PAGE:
Actor Mark Hamill (Sunday Times)
“We have a responsibility to represent Scotland and Scottish cultural identity in a way that others don’t. That has to be reflected in the way we take theatre across the country, make it with communities, and export work beyond Scotland.”
Jackie Wylie, artistic director of the National Theatre of Scotland (Guardian)
“This year is about me growing and coming back to theatre, because I’ve spent so many years in television. Theatre is the reason I became an actor. There’s nothing in my life that’s made me want anything that much as theatre did. It helped me break out of what was quite a quiet, run-of-the mill-life.”
Actor and singer Danny Mac, speaking at the WhatsOnStage Awards launch
“I’m not saying there’s shitloads of amazing untold women’s stories, but maybe we should consider most art ’til now as weird male propaganda to get us to sleep with them.”
Playwright Lucy Prebble (Twitter)
“Plays sometimes find their place, and it is ideal for that space. It seems to get disturbingly more relevant as time goes on. I started out wanting to write about the NSA, GCHQ and state surveillance, and as we have found out, Facebook, Google and Cambridge Analytica have a corporate dimension to surveillance that is even more disturbing. The interesting and difficult challenge of writing political plays is that drama is inherently about individuals, and power is inherently about systems and ideologies.”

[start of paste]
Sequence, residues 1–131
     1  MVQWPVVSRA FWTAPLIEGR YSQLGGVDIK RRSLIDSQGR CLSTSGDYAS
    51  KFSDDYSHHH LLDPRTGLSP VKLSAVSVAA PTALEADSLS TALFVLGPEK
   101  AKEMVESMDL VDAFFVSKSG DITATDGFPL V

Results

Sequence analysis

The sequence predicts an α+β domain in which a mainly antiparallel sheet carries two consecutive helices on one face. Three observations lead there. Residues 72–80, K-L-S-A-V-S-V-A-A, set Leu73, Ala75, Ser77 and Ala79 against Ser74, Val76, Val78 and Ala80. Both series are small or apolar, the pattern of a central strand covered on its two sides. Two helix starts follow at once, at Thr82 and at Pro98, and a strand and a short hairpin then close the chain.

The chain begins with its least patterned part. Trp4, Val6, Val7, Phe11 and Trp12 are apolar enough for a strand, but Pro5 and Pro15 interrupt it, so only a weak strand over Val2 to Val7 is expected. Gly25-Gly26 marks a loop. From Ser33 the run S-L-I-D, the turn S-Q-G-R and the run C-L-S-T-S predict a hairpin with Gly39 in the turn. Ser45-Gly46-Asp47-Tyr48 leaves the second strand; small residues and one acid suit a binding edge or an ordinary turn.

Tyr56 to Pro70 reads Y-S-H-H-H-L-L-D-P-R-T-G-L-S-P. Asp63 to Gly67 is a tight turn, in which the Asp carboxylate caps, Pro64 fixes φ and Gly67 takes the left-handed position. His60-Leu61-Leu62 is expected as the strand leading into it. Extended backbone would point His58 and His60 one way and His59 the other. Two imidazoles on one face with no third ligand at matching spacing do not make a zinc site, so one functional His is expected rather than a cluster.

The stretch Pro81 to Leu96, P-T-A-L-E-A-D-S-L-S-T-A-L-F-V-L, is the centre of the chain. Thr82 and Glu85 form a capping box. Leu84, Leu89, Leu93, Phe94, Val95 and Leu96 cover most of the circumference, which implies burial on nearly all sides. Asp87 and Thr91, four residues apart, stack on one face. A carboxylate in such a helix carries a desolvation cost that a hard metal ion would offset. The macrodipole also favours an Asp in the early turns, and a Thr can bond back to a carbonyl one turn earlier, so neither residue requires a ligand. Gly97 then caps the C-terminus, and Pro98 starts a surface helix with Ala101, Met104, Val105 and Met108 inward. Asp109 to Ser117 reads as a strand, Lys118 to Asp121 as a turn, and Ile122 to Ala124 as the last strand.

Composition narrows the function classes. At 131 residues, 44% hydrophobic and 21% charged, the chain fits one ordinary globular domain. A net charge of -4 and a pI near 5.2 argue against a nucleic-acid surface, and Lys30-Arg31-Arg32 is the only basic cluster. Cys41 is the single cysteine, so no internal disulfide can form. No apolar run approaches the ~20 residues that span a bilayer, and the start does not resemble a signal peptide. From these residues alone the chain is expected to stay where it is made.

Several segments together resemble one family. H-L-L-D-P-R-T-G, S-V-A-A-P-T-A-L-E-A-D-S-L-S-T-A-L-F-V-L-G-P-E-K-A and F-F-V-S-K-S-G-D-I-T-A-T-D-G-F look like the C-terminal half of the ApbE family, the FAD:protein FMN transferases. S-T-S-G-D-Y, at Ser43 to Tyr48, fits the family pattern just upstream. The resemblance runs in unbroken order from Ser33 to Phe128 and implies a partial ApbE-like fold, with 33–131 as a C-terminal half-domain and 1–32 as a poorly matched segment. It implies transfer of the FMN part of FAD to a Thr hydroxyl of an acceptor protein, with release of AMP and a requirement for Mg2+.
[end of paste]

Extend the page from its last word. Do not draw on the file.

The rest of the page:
Anders Lustgarten on his play The Secret Theatre (Evening Standard)
“I agree that I’m not very Disney, but I don’t think that Roald Dahl is a good fit for me either. When I first told people that I was doing Matilda, they thought I was either lying or needed psychiatric help. They couldn’t understand why I had been picked to do it.”
Playwright Dennis Kelly on adapting Pinocchio for the National Theatre (Telegragh)
An actor friend tells me that at the stage door I must say “you were wonderful”, not “that was wonderful” or “I really enjoyed that”.
If a show is awful and I don’t know anyone in it, I simply don’t go back. If I think someone is especially good, I always go back and tell them – whether I know them or not.
Many of my friends are ballet dancers and one said: “I’m so glad you always come back. Otherwise we just take off our make-up and go home. It’s a real anticlimax.”
I prefer ‘actress’, because it makes things clear in casting notices. When ‘actor’ became the norm, I wasted time looking at casting notices for actors, only to discover that there were no available roles for women.
Francesca Bongiorno Fortunato
Ask people what they would like to be called and then call them that.
I find ‘actress’ old-fashioned and demeaning. This also applies to ‘manageress’, which, in a previous job, one of our charity shop managers used to refer to herself in a press release.
I think a woman can decide for herself – it’s a matter of choice. I don’t think there’s anything wrong with the term ‘actress’. It’s in no way inferior to the term ‘actor’, but if a woman wishes to use ‘actor’, that’s fine too.